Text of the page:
Belfast Telegraph

6 of the best digital cameras

Whether you're looking for a happy snapper or a more serious piece of kit, these devices are picture perfect

By Sarah Marshall

Canon Powershot G9 X, £399.99, John Lewis: Considering its size and price, this smart, retro-looking camera delivers remarkable results. Best of all, it easily slips into your pocket. A 1-inch sensor and wide f/2-4.9 lens aperture allows the camera to let in plenty of light, improving the quality of pictures; and, if you're shooting stills or video in low light, the image stabiliser is a handy aid. It's a lot lighter than market competitors (weighing just 207g), making it an ideal travel companion.

Nikon D5 (body only), £5,199, 

Many will balk at the price of Nikon's flagship full-frame DSLR, which launched earlier this year, but for both professionals and serious snappers, it's money well spent. The 20.8MP sensor delivers a good balance between image quality and manageability of file size, while the 12 frames per second burst is bliss for shooting fast moving sports and wildlife. It might sound like you're firing a machine gun, but catching every moment guarantees great shots - plus, there's no annoying buffering (an issue hindering older models). In terms of both performance and size, it's by no means a lightweight camera (it comes in at 1,405g), but if you want to step up your game, this is the model to buy.

Leica Sofort, £215,

It won't be on sale until November, but the hype surrounding Leica's first instant camera means pre-orders are already available. Operating like an old-school Polaroid, this neat bit of kit delivers vibrant images on demand and will appeal to those with a love for spontaneity. It's a no-brainer to use, with just a few simple modes to choose from - including a selfie option, assisted by a mirror on front of the camera - but there is the option to be creative with multiple exposures and manual setting of focussing distance too. The affordable price tag is obviously appealing; for many, the opportunity to own one of these iconic red dot beauties is too good to pass up.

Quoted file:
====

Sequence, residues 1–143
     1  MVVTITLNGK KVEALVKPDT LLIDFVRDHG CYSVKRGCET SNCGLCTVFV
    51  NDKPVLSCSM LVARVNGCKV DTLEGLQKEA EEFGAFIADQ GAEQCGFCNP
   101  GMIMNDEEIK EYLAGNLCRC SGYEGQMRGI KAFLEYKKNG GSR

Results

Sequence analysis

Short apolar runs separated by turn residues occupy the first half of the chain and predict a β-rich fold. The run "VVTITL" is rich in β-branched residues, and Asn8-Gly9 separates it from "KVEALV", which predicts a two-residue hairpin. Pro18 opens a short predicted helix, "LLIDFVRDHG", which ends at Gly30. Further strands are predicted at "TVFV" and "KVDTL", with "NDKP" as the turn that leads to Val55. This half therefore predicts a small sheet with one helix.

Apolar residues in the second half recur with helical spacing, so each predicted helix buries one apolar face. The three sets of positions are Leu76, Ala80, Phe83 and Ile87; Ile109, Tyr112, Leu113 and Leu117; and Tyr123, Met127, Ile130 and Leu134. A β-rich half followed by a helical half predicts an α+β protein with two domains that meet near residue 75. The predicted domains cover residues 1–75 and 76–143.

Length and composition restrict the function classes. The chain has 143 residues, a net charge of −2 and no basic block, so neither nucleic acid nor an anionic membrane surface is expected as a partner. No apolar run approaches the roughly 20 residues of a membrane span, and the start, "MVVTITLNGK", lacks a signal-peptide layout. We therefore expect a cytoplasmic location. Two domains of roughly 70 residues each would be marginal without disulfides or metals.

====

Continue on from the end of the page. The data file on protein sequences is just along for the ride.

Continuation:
Leica SL Mirrorless Camera (Typ 601), £5,320,

Leica are world famous for making quality equipment, and this full-frame compact system camera is of expected high calibre. Controls are minimal and intuitive, making it ideal for those who hate thumbing through manuals; in the heat of the moment, when rapid responses are required, it's also much easier to use. Shooting 11 frames per second and with an ISO range from 50-50,000, it's up there with most professional DSLRs. The only downside is its weight; it's much heavier than other mirrorless cameras. But given the performance, it's a compromise you might be willing to make.

Fuji XT-10 (body only), £469,

The X-T1 was a roaring success for Fuji; this slightly stripped-back, more affordable model is just as impressive. Featuring a 16MP sensor, it has an ISO range of 200-6,400. Controls allow full creative control, with shutter and aperture easily adjusted via a top wheel; other functions have to be set via a back screen menu, although it's simple enough to follow. A built-in viewfinder will please purists, while a pull-out back screen can be handy when shooting from the ground. In the absence of a mirror, the shutter burst is fast - eight frames per second - and it's super-light even with a telephoto lens attached. Small and discreet, it's perfect for street photography.

Nikon COOLPIX S7000, £149, John Lewis

If you simply want a sturdy snapper that does all the work for you, this could be your weapon of choice. A 20x optical zoom (equivalent to 25-500mm in 35mm terms) caters to different needs, while inbuilt Wi-Fi and NFC allows straightforward connectivity. A VR system compensates for wobbly hand shake in low light, and a scene auto selector helps the camera select the best settings. It's also possible to download a free companion app for phone - ideal for selfies. Given the price, images are respectable, and the option to manually select the focus point is a bonus. Expect noise at higher ISOs, but otherwise, this is a great little compact.

Belfast Telegraph


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